Inflation, Desire For Status Pushing More Wealthy Chinese Toward Art, Wine, Gold Investment
As Jing Daily wrote earlier this month, due to inflation concerns and relatively few yuan-denominated investment options, interest in so-called “passion funds” — investment vehicles meant to offer long-term returns from luxury items such as art, fine wine, diamonds, and even mint condition comic books — is hitting a new high among China’s newly wealthy. As Enrique E. Liberman, president of the Art Fund Association, told China Daily, “market volatility and severe declines have reduced the attractiveness of many other investment options, such as equities, bonds and hedge funds, so it’s not surprising that investors are increasingly attracted to passion funds.” In the art and wine segments, we suggested, interest is perhaps highest, as they are both portable, hard assets (very popular among Chinese investors), and with Hong Kong’s rise on the world auction stage over the past few years, wealthy Mainlanders have easier access than ever to some of the world’s best and most valuable vintages.
However, not every interested Chinese investor can plunk down millions on older vintages at auction. And just as funds have started to spring up to tap investor demand for blue-chip Chinese art, now China’s first wine fund has launched, hoping to take advantage of the rising prices of top bottles from Burgundy and Bordeaux. The DeRouge Fund, as it’s being called, expects to raise 1 billion yuan (US$156 million) to invest exclusively in French reds — a somewhat narrow scope, but one that reflects the current single-mindedness that many Chinese wine investors have about the global wine market.
The close-end fund, which targets wealthy individuals, will buy top red wine from France’s renowned Bordeaux and Burgundy regions, and expects to deliver annualised returns of 15 per cent, according to its sales document.
For China’s growing affluent class, there’s huge investment demand for alternative assets such as precious metals, commodities, private equity and art collections, said Zhang Haochuan, head of research at fund consultancy Z-Ben Advisors.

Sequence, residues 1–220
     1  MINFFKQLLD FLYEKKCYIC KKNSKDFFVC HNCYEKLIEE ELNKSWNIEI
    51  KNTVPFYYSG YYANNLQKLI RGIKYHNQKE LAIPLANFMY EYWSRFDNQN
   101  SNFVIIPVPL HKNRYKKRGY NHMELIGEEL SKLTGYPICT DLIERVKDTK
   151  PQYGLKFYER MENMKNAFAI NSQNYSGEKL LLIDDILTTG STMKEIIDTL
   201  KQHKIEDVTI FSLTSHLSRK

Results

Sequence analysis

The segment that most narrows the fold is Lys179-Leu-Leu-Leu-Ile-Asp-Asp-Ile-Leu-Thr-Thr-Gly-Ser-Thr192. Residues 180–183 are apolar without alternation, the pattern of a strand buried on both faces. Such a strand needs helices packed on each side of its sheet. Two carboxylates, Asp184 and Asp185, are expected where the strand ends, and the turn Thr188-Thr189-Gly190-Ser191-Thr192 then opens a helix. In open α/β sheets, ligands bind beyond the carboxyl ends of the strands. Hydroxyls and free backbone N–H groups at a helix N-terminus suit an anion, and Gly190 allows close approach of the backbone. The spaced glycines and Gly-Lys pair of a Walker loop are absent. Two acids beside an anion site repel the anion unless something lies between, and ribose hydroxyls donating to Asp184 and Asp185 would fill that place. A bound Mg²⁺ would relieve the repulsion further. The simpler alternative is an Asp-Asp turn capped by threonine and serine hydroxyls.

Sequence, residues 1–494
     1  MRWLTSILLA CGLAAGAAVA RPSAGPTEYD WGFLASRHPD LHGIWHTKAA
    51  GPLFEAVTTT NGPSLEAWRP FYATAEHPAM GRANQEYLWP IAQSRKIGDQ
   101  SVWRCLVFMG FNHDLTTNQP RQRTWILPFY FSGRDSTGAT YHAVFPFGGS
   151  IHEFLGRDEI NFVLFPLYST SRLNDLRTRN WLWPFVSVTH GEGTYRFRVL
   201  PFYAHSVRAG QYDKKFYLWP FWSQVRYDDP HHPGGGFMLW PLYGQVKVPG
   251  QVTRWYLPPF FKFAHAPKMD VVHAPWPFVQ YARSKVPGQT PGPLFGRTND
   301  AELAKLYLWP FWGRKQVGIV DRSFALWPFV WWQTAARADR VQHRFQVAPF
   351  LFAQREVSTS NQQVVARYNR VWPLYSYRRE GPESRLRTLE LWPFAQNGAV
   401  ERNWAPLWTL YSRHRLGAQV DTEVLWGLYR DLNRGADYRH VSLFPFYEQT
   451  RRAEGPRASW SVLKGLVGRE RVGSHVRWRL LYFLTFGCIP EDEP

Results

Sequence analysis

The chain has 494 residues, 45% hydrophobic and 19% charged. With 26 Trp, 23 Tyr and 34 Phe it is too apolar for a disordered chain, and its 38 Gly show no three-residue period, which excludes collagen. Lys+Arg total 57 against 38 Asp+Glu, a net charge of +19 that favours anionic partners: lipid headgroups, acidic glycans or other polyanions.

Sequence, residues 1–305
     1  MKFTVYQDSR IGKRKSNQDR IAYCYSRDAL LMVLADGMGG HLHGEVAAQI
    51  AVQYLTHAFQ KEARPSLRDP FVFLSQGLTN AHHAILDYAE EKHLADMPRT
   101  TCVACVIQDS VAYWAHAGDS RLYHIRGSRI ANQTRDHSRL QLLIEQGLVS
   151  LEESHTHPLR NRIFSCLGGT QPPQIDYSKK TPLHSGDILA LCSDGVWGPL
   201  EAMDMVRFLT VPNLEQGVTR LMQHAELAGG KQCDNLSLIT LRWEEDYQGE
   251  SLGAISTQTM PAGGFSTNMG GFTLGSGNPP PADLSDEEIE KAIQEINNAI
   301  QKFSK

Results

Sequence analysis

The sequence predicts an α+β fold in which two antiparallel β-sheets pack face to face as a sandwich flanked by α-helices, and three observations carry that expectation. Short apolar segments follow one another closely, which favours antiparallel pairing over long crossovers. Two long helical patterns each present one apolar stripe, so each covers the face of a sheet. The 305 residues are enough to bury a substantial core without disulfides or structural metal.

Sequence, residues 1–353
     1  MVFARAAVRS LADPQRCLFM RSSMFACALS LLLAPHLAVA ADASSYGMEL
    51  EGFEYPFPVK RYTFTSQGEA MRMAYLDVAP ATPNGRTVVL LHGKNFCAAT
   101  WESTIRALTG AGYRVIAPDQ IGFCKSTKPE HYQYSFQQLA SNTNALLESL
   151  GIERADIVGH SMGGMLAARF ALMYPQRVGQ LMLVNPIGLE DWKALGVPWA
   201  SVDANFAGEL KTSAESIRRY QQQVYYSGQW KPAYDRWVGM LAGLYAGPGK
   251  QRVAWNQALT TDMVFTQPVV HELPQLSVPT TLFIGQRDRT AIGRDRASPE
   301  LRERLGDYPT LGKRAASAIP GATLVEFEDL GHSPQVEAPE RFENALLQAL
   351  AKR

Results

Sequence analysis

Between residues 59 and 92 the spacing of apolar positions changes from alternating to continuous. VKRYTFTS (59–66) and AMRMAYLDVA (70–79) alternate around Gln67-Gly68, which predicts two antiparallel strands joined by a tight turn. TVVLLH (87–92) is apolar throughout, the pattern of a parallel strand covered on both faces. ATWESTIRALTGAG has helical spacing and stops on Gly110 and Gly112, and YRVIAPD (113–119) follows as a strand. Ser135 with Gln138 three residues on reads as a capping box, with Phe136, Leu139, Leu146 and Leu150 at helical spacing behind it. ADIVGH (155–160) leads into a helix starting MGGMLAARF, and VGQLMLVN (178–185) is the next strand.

Red wine, like other storable goods with limited supplies, has the potential to beat inflation.
For example, the Vintage Wine Fund, managed by London-based OWC Asset Management Co, has risen 67.2 per cent since inception in 2003, according its July report.
The DeRouge Fund, Reuters adds, plans to raise 200 million yuan (US$31 million) in its first tranche, will start taking subscriptions from investors next month, with a threshold of 1 million yuan from individuals and 10 million yuan from institutions.
What we find most interesting about the DeRouge Fund isn’t so much its sales pitch, which will undoubtedly strike a chord with Chinese investors who can’t afford to amass their own impressive cellars or jet off to Hong Kong to battle it out for rare cases, but the fact that it’s so one-dimensional. Much like China’s budding wine collectors and aspiring wine enthusiasts will focus on French reds and French reds alone, the fund is making a safe bet that ultimately limits its potential. Then again, if the DeRouge Fund manages to raise its 1 billion yuan target and records respectable gains for its subscribers, we’ll probably see similar specialty funds proliferate in China, possibly including champagne and Italian or even top New World reds and whites. .
Then, the question may become: what effect could these funds have on wine prices, globally?